FC: Where did you grow up?
Christopher Moonlight: Well, the first six years of my life were spent in England, where I was born. My dad used to manage the band Deep Purple, so my days consisted of going to sound checks with him, and watching shows like Dr. Who, The Young Ones, and Top of the Pops on the telly. After that, my family moved to Thousand Oaks, California, which is right out side of Hollywood. It was an exciting place to be a kid, because there were lots of fields and parks full of wildlife and places to discover, but movie stars lived there, too. In the early days, there was a exotic animal park where they kept lions, lamas, giraffes and other animals that they’d use in movies, and it wasn’t uncommon to spot Rod Steiger, Tom Selleck, or Chris Elliott at the mall. Leonardo DiCaprio would shop in the comic book store I worked at, as a teenager. It was an easy place and time to let your imagination consume you.
“I said this to a woman who made a film in Spain last year, using just what was available to her. “The fact of the matter is, you made a film, and if you can make one, people will see that you can make more. Most people don’t even get that far. Most of the films I worked on for other people never got finished, and it’s taking me forever to finish what I’m working on, but I’m gonna do. Finish what you start, no matter how long it takes. Make it the best you can make it, and people will take you seriously.”
Christopher Moonlight – The Quantum Terror
FC: Were your parents supportive of your creativity? Were they artists?
Christopher Moonlight: That’s a tough one to answer, because they exposed me to a lot of the things I love today, by taking me out to the movies. Star Wars, Star Trek, Indiana Jones, Alien, E.T. Terminator, and so on. Back then it seemed like movies were more special. They were an event, because there weren’t five new “blockbusters” coming out every weekend, so as a family, we treated it like an event. However, my imagination spilled over into everything, and all I wanted to do was fantasize. If I built the solar system in the garage, that was one thing, but when I talked about wanting to create special effects I got the old, “Have you considered becoming an orthodontist?” I think they figured that would be a safer bet for me, because of how much it cost them to get my teeth straitened.
FC: How did you discover filmmaking?
Christopher Moonlight: Living so close to Hollywood, filmmaking was always there. My parents did succeed in making me think that I wasn’t ever going to be able to pay to learn how to create special effects and make films, so I developed a passion for comic books, which I still have today. I became an artist and told stories through pictures, showed at galleries, and then people started coming to me asking if I could create things for their low budget TV shows or films, and when they waved a paycheck I said yes. It never occurred to me that I didn’t know how to do what they were asking. I had spent my life watching behind the scenes documentaries on film, where people like Stan Winston, Steve Johnson, and my personal film making roll models Alec Gillis and Tom Woodruff Jr would talk endlessly about how they coxed life from latex and clay. When I got the call, I was ready. It didn’t even matter that the budgets were in the ranges of $600 or $1000. I made it work and people loved it, and there I was.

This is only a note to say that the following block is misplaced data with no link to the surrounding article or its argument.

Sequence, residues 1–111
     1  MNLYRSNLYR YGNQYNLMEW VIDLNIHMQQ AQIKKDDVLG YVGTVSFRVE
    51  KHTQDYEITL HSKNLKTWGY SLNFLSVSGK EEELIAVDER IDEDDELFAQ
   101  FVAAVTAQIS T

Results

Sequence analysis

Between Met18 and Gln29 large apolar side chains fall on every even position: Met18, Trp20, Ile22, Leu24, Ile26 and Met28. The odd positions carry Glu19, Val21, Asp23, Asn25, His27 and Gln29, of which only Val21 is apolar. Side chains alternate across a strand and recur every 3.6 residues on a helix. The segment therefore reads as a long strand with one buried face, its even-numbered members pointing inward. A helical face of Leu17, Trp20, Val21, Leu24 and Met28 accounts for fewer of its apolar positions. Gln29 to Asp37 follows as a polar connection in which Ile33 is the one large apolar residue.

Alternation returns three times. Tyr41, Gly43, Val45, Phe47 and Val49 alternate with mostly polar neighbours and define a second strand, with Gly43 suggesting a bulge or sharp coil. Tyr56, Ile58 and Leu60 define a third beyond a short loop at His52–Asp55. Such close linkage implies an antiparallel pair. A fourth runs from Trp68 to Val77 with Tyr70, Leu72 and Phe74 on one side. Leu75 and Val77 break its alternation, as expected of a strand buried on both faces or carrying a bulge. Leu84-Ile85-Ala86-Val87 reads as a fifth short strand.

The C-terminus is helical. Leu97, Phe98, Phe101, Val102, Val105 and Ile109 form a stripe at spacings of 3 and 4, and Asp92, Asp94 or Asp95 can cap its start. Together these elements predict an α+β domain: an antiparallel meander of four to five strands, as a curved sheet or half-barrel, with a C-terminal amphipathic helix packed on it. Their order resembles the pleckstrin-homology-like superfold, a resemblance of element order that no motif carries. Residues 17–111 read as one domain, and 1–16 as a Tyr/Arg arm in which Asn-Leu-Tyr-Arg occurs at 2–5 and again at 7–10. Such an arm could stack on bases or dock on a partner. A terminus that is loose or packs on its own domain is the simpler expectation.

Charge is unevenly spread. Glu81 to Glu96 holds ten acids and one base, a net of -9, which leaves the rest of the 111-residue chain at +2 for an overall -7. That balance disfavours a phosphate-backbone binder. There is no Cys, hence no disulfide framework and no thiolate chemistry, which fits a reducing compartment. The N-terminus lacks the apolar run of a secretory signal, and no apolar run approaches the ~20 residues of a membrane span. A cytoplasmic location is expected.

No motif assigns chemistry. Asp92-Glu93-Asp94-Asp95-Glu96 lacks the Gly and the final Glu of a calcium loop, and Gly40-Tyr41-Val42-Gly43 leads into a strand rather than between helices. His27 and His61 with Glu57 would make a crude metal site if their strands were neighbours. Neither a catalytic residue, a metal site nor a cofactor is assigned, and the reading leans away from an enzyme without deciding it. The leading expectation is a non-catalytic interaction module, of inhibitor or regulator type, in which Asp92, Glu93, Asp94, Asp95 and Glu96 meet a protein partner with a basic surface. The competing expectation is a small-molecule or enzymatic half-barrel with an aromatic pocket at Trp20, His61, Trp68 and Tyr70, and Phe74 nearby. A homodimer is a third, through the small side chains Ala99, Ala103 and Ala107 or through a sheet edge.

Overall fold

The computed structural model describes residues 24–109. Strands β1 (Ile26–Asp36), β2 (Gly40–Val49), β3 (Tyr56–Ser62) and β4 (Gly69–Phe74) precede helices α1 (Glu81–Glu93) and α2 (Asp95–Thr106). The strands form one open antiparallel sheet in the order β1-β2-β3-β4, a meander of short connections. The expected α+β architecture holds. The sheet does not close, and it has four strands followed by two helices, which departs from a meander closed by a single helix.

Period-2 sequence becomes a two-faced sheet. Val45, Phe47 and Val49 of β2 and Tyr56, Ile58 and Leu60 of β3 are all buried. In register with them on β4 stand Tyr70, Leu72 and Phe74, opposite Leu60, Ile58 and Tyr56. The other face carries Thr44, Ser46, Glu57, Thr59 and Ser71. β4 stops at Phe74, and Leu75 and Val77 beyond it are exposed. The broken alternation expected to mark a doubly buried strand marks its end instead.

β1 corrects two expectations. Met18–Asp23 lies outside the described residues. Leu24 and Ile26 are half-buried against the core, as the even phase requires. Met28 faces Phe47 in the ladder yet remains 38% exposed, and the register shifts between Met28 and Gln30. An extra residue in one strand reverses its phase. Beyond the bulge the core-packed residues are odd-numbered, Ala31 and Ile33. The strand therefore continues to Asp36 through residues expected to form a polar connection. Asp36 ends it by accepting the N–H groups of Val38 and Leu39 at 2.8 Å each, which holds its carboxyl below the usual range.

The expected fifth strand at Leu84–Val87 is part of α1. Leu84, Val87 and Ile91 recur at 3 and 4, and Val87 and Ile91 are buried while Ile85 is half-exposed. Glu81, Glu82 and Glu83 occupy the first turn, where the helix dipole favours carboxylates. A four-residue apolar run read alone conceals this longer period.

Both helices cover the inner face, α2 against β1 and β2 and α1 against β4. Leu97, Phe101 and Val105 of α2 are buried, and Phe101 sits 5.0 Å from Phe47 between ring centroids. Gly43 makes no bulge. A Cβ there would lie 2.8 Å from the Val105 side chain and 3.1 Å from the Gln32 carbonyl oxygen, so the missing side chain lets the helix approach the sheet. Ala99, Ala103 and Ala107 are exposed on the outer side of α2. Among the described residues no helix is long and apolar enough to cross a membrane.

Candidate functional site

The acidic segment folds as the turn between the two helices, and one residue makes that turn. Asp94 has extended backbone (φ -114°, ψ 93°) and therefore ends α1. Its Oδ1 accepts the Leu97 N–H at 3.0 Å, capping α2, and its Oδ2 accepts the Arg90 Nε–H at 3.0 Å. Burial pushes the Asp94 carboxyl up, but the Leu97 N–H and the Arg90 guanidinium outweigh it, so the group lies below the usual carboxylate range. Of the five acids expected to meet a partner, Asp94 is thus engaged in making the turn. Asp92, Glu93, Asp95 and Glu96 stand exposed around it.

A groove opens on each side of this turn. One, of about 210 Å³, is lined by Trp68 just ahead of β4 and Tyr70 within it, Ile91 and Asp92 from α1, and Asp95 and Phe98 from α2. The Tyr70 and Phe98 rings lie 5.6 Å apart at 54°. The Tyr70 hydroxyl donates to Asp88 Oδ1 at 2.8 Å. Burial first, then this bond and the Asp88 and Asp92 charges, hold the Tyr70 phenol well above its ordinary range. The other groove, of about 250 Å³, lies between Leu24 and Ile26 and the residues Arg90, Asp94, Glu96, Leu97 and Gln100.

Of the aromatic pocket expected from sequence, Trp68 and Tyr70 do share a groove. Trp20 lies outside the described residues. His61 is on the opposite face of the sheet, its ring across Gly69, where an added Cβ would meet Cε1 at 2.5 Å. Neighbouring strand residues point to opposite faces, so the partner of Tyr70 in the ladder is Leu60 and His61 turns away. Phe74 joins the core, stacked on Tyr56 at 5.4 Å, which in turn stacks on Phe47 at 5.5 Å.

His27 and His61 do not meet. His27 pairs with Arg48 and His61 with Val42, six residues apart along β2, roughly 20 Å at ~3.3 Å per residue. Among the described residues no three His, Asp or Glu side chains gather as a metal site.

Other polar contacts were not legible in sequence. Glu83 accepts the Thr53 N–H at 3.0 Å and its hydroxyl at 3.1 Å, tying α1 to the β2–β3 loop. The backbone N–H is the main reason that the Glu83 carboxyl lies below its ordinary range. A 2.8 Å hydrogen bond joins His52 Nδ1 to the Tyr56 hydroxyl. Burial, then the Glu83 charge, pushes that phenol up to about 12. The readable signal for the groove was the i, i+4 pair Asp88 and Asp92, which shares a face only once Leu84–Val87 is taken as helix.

FC: Why are you crowdfunding?
Christopher Moonlight: I’m a free market kind of guy. I love capitalism. These days people are turned off by the word, but only because they’re being sold a bogus definition. What the big corporations are doing isn’t capitalism. It’s government sponsored monopoly. I total suppression of the free market, so they can make people jump through their hoops, if you want to get some of what they’re holding, but even if they give it to you it comes with all sorts of stings attached. When you crowed fund, you’re doing it on your own terms. You say, “Here’s what I’m going to do. It’s art for art’s sake, and I believe I can make something that you’re gonna love and others will want to buy. Are you in?” Yes, it’s a gamble but if they’re in they vote you in with their money. It’s a gamble for the people who pledge, too. What that says to me is that there’s a backlash against all the over inflated movies that are getting pumped out now. It’s not that they’re bad or that people don’t like them. Obviously they do, because they make truckloads of money, but audiences are smart enough to know that you can’t get variety from the same source. If they let me make a film, it’s like when you decide to buy local.
FC: What is The Quantum Terror about?
Christopher Moonlight: The short answer is that it’s the story of this girl named Sam, who’s twin sister has gone missing. She goes to find out what happened to her, and connects with this guy her sister was dating from her collage, where she was studding quantum mechanics. He says that her sister is alive and that she’s been hiding in these local underground wash tunnels, so they go looking for her, and it turns out that because of whatever it is they’ve been studying, then managed to bring an extra dimensional being into our world, and it’s also in these tunnels, but really it’s a lot more than that. It’s a quantum being. It exists out of time and space. It’s in a constant state of flux between being material and pure consciousness. It’s so completely alien to our concepts of reality that once they’ve seen it, they can’t unsee it, and escaping it isn’t a matter of running away like you would in a slasher movie. This isn’t a slasher film at all. This thing has no beginning or end. I don’t think a movie has ever shown an alien in quite this way before, although I could be wrong.